Tomorrow will bring the unveiling of the Obama administration’s overhaul of the Henry “Hank” Paulson bank bailout, the Troubled Asset Relief Program (TARP). [Apply for funds here.] From the leaks emerging, it looks like a significant portion of the scheme will amount to this: the government will lend money to hedge funds and the like at subsidized rates to buy toxic assets from banks – and the gov will guarantee the investors against losses. Evidently, the administration thinks the toxic assets are being underpriced by the markets. If they’re right, the buyers will make money. If they’re wrong, then we all pay.
From the hedgies point of view, it’s all reward, no risk. Even if the rewards don’t materialize, what have the hedge funds lost? What the public gets out of this is impossible to specify, aside from the risk of massive losses.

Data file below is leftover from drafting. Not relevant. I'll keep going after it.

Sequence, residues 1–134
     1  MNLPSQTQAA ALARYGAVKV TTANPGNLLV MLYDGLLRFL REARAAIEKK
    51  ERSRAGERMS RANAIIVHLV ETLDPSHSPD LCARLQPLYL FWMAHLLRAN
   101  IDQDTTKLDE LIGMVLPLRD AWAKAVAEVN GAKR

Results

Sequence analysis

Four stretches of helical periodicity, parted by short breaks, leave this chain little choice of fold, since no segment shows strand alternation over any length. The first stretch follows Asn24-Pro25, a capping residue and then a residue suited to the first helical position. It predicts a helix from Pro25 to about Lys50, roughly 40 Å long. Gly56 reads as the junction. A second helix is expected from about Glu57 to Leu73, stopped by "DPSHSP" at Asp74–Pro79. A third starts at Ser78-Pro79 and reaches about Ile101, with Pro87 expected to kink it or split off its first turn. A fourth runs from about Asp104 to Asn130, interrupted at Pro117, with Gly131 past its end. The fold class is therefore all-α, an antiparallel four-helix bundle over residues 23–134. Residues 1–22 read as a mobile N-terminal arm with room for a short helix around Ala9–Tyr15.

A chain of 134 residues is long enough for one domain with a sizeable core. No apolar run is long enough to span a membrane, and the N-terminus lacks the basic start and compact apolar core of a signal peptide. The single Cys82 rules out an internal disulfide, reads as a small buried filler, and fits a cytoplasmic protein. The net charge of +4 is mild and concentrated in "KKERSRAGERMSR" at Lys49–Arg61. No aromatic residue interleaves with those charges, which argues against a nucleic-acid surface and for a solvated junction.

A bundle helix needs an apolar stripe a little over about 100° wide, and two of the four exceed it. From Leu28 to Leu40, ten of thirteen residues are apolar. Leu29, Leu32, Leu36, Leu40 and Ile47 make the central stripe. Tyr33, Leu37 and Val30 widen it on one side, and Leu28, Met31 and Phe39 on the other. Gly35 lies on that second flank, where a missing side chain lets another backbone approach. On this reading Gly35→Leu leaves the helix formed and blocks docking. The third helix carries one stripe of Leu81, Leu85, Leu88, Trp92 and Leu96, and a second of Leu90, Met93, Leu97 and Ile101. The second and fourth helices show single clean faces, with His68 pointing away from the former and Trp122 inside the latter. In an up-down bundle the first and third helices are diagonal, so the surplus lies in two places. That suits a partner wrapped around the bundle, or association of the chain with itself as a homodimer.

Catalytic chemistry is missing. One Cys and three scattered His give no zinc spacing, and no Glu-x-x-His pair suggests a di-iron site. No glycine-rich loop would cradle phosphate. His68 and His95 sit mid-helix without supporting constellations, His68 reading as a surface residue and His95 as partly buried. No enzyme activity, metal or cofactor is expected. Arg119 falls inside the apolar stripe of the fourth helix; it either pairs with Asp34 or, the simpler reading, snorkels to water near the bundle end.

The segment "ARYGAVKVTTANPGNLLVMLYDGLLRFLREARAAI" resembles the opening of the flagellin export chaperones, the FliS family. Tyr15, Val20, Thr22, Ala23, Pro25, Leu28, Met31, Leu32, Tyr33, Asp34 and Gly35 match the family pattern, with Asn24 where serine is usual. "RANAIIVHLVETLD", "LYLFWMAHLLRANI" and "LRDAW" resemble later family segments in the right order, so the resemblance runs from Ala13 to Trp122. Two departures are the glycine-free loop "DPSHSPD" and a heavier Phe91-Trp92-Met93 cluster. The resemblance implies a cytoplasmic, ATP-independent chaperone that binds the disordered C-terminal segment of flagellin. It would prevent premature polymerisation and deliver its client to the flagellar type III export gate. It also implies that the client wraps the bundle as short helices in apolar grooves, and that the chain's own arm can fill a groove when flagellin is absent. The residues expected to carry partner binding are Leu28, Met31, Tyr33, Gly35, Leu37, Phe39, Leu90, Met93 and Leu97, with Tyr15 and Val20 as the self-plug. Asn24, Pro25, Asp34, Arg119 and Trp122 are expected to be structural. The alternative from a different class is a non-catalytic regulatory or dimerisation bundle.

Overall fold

I hope this isn’t really what will emerge. But if it is, the Obama administration will have broken new ground in awfulness. The same formula that brought us this mess, an indulgent government encouraging reckless operators playing with other people’s money, will be applied towards solving it. It makes no damned sense.
Well, maybe it does in the most cynical way. Hedge funders like Chicago’s Kenneth Griffin wrote Obama big checks during the campaign season. (For some details, see here and here.) Obama’s top economic advisor, Larry Summers, worked for a hedge fund (D.E. Shaw) after he got fired from Harvard. And no doubt Treasury Secretary Tim Geithner would like a multimillion dollar job on Wall Street after he leaves public service, just like Robert Rubin got at Citigroup after engineering the repeal of Glass-Steagall.
Can things really be this bad? We report; you decide.